As another beloved musician, Prince, joins the increasingly phenomenal Band in Heaven, every cable news show and radio station has put "Purple Rain," "When Doves Cry," "Raspberry Beret," "1999" and "Kiss" on heavy rotation. For musicians, we condense our memories of them into our favorite songs, our personal mix tapes of their best hits. For a beloved family member, we put favorite memories on heavy rotation.
Since Thanksgiving, my internal jukebox has been playing "Mom's Greatest Hits":
* Riding bikes together on a lazy summer afternoon, out the winding country roads past fields (including the cute farmer boy who was then my crush), and ending up at the Twin Churches, two similar churches built for some quirky reason right across from each other. She and I walked through the old cemetery, listening to locusts buzz, reading the names on the tombstones and making up stories about them. We rested on the stone slab of the church's back steps, then took a gentle ride home, mostly downhill, coasting on sunlight. Recently, I got four disposable cameras developed that my sister and I found in Mom's desk drawer. One of them included pictures she'd taken about eight years ago of that same cemetery, in winter. I wondered if she'd been replaying our happy moments together, too.
* The vacation we took, just us three kids and Mom, after she first separated from Dad. We went to the Finger Lakes in New York, hiking the rock gorge in Watkins Glen; and I bought old stereoptican slides of the rock gorge in a local antique store. We also took a boat out on the lake, visited the Women's History Museum in Seneca Falls, and basically let our spirits guide us. I could feel how proud she was of herself, for the first time being responsible for all of us alone, and managing to guide us through a week's vacation in a strange place. The year after that, I went away to college, and while her childcare burden was cut by a third, she called me on the phone frequently to ask me for advice about how to handle my younger sister (going through a rebellious stage). When I think about that trip, I think about how our relationship was always underlined by a strong friendship, and about how nice it was to see Mom taking ownership of her own capabilities.
Oddly enough, I just found in Mom's papers a piece she wrote for me that she shared at my baby shower. In it, she advised me not to try to be your child's friend, and I remember her trying to soothe me when I scowled at that phrase. I think I know now what she meant. While they are young, you need to set limits and guide them. But over time, as they become adults, there's room for that relationship to grow, like ours did.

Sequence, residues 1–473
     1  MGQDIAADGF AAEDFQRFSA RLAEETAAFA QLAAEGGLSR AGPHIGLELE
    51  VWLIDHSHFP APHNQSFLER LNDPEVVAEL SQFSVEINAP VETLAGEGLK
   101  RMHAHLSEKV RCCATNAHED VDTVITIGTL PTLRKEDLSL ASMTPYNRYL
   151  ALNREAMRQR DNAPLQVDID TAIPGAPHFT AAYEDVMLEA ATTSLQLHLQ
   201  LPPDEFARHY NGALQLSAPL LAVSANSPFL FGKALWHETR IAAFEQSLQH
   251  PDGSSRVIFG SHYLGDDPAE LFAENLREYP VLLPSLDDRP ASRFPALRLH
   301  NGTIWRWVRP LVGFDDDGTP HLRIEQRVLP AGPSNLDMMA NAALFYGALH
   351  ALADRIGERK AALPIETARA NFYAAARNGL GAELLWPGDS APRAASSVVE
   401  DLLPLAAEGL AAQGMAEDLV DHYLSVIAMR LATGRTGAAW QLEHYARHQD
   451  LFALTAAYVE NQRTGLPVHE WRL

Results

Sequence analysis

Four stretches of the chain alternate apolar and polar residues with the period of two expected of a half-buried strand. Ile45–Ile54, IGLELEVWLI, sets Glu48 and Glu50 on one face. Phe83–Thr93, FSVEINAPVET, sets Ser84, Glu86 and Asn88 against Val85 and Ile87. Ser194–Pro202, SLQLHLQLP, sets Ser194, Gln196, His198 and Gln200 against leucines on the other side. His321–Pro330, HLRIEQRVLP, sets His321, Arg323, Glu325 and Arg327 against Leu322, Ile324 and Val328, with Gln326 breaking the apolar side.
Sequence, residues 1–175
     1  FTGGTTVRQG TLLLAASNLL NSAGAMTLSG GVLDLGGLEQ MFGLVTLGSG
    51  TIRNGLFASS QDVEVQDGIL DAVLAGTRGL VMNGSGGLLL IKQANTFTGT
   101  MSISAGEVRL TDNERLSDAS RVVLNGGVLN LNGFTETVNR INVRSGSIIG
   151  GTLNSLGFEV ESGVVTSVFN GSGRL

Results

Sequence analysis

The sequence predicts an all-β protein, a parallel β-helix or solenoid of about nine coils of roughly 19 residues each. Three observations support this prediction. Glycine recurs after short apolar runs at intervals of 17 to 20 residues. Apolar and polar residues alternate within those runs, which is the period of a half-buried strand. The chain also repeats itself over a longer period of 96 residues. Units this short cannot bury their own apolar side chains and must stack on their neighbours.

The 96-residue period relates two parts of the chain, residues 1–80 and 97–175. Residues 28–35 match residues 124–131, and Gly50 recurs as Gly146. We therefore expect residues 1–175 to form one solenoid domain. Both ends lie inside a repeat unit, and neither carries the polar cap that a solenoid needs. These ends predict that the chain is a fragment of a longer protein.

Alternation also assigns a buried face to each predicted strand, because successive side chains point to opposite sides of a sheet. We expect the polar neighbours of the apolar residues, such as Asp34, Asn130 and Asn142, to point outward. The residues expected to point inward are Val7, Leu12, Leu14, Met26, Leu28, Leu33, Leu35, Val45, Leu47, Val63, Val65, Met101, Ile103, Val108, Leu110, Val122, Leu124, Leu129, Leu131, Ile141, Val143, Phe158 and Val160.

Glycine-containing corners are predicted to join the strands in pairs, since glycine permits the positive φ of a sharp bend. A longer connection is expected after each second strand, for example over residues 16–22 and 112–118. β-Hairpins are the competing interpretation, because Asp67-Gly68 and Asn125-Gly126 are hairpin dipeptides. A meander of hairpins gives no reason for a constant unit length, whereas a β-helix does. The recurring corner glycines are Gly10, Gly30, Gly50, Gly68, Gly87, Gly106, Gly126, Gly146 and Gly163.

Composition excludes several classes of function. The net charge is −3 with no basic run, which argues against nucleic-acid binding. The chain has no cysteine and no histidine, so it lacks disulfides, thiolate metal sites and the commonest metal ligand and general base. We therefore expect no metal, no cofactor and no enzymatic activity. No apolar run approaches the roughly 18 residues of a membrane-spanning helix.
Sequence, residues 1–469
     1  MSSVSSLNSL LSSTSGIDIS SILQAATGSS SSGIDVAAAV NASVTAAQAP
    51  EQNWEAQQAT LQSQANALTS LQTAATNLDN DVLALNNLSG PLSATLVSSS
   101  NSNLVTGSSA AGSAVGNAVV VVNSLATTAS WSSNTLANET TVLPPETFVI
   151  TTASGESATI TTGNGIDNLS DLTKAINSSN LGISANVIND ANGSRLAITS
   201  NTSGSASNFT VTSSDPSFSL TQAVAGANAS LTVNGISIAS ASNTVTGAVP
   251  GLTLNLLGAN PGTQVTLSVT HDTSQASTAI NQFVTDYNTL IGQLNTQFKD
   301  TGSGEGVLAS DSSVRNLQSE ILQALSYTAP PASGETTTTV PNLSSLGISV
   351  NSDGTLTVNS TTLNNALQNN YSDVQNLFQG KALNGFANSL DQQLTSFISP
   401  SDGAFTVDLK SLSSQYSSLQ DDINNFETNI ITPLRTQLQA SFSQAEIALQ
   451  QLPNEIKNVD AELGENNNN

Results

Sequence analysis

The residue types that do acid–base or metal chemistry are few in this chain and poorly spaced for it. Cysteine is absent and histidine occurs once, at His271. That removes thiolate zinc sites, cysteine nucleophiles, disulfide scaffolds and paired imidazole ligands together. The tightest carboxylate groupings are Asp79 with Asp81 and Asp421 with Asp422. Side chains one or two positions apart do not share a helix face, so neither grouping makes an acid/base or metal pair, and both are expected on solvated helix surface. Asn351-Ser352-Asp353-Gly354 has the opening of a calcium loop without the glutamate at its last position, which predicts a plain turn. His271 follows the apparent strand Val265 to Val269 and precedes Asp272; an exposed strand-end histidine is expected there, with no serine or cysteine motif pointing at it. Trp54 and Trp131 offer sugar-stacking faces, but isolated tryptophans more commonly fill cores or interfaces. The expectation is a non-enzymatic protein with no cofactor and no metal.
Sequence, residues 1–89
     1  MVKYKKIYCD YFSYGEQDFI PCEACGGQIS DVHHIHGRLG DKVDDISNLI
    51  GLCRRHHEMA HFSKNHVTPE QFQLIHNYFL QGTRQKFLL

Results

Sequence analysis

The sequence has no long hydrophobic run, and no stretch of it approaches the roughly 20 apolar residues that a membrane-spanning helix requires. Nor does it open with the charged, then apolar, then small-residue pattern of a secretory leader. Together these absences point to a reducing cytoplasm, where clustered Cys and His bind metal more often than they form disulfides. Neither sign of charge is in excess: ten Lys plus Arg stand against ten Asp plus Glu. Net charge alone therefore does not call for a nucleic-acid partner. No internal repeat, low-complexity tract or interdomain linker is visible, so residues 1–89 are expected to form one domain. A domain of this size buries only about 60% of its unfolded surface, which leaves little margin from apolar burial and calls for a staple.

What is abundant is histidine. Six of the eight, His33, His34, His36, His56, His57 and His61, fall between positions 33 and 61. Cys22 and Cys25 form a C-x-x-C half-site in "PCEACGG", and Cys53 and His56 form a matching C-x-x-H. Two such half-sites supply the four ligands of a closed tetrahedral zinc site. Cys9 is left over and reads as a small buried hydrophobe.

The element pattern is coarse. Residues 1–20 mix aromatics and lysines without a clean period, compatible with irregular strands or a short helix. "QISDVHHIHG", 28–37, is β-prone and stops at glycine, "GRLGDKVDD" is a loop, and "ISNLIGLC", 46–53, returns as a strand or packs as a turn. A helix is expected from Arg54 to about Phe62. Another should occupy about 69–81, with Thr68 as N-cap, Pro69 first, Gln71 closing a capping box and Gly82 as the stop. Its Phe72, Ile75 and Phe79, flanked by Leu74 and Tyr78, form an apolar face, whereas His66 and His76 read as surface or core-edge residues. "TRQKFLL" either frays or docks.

* Visiting Mom when I was home from college and having her show me her latest artwork. In more recent years, these were often based on photographs that I took. As Mom's problems with her hips and knees grew, she couldn't get out as often to paint or sketch from nature. But because she'd bought me a camera when I was very young -- a basic 110, which was virtually indestructible -- I'd developed (pun intended) the habit of taking pictures wherever I went. Going through the drawers where she kept her artwork from the last three years, I was touched again and again by recognizing the source of these impressionistic pastel drawings: my photos, shared with her online, which she then ordered as prints. I tell people I turned to photography because I couldn't render what I see into artwork the way my mother does, so it was wonderful to see how she, in turn, had converted my photographs into art.
* So many non-specific memories, of her cleaning while playing "Jesus Christ Superstar" on the phonograph; of her joking and telling stories about us; of the twinkle in her eye and the way she'd touch your arm when she teased you gently. I see her every day, in some way. Eventually, those memories will grow less painful; I'll feel the loss less keenly and savor the joy they represent. For now, these memories are a soundtrack that keeps whirling, on repeat, through the only things I have left of her: that jukebox of memories.